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Is Court Approval Required for Settlements Involving Minors?

Many people, and perhaps you, engage directly with the insurance company to negotiate your own settlement. Your decision is likely based on an assumption that you have the ability to negotiate a "good" settlement yourself and your gamble that you can net more that way by excluding the need to pay a portion of the settlement to an attorney.

If I'm describing your situation, you are probably making a mistake. The mistake is not necessarliy based on a lack of ability to negotiate, although that may be the case, too. Rather, it is based on a lack of information. You simply can't negotiate your best deal if you don't know the alternative.

The alternative is more than just recognizing that you will need to "go to court" or hire an attorney. To settle the case properly, you need need to have a sense of what the case is worth. That is, how much of a recovery you will likely receive if you went all the way to trial.

This concept is so well understood and accepted that our law has special provision to protect minors from entering into settlement agreements in personal injury cases. The law says, essentially, that if a minor enters into a settlement agreement, he or she can invalidate it when reaching the age of majority. Why would he or she do that? Well, when you get to the age of majority, which could be as many as 18 years later, the minor may have medical issues unforseen at the time of settlement.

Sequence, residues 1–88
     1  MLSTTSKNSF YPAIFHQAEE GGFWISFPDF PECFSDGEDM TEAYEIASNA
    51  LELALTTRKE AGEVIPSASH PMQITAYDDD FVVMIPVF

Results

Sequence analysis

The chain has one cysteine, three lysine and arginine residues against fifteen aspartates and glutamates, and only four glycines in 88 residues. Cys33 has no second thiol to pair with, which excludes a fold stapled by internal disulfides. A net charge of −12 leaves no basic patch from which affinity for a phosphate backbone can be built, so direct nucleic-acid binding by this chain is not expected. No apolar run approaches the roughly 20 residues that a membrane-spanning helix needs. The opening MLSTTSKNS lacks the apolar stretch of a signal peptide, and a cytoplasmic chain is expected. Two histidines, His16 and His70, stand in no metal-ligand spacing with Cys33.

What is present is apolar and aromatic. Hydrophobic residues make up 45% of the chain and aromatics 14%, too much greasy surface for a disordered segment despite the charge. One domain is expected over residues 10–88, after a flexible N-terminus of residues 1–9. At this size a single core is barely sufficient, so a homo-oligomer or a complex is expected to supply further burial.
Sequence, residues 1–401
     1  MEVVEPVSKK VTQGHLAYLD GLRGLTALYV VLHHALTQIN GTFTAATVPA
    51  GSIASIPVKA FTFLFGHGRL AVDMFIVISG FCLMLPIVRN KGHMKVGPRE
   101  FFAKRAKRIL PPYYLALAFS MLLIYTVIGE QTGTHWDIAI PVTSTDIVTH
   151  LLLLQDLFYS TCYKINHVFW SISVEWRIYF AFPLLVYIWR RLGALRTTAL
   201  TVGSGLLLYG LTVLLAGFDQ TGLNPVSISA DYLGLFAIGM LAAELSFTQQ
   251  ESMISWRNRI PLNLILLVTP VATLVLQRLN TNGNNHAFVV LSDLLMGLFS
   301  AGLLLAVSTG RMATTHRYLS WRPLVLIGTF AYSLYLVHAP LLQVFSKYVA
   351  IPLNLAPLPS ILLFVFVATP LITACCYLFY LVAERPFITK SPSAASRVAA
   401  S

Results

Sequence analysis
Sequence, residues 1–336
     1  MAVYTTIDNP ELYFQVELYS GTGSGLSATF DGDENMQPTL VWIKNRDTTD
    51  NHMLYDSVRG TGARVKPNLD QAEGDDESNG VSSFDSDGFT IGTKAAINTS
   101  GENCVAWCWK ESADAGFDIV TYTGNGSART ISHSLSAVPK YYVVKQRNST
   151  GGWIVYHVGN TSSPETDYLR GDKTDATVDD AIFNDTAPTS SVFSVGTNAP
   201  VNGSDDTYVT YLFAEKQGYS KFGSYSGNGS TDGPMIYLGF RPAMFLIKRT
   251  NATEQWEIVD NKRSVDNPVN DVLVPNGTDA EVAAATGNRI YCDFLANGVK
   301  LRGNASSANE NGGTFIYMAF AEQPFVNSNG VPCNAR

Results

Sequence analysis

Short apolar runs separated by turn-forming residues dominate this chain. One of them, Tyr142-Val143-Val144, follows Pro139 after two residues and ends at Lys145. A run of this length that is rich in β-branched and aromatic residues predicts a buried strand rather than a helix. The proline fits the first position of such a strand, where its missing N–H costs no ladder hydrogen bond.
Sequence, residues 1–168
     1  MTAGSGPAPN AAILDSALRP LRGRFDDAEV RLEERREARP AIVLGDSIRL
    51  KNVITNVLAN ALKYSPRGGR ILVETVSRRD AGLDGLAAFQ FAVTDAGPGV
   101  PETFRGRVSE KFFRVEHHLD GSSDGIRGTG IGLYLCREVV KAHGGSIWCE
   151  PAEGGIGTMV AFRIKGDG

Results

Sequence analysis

What all parties may have viewed as a head laceration may later be determimned to have caused minor brain damage. Obtaining judicial approval may be justified on the grounds that conflicts and financial pressures may arise from coping with an injured child and such pressure can create the potential for parental/guardian action contrary to the child's ultimate best interests. Sharon v. City of Newton, 437 Mass. 99, 109 n.10, 769 N.E.2d 738, 747 n.10 (2002). In the event a settlement is entered into without court approval, in the absence of fraud, bad faith, or conscious disregard of a minor's interests, a settlement for a minor will not be set aside. Nagle v. O'Neil, 337 Mass. 80, 81, 148 N.E.2d 183 (1958).

So, is court approval required? No, but insurer and parents alike should consider the benefits of obtaining it. For the unrepresented parent trying to negotiate settlement, it is at least worth considering that you will probalby need an attorney to help you with court approval. Do yourself a favor and speak with an attorney today. To speak with a personal injury attorney for free, call our office today at 866-995-6663. Our Boston Personal Injury Attorneys will give you a free case assessment and advice. Call today.

The information on this website is for general information purposes only. Nothing on this site should be taken as legal advice for any individual case or situation. This information is not intended to create, and receipt or viewing does not constitute, an attorney-client relationship.

Phone: (866) 995-6663
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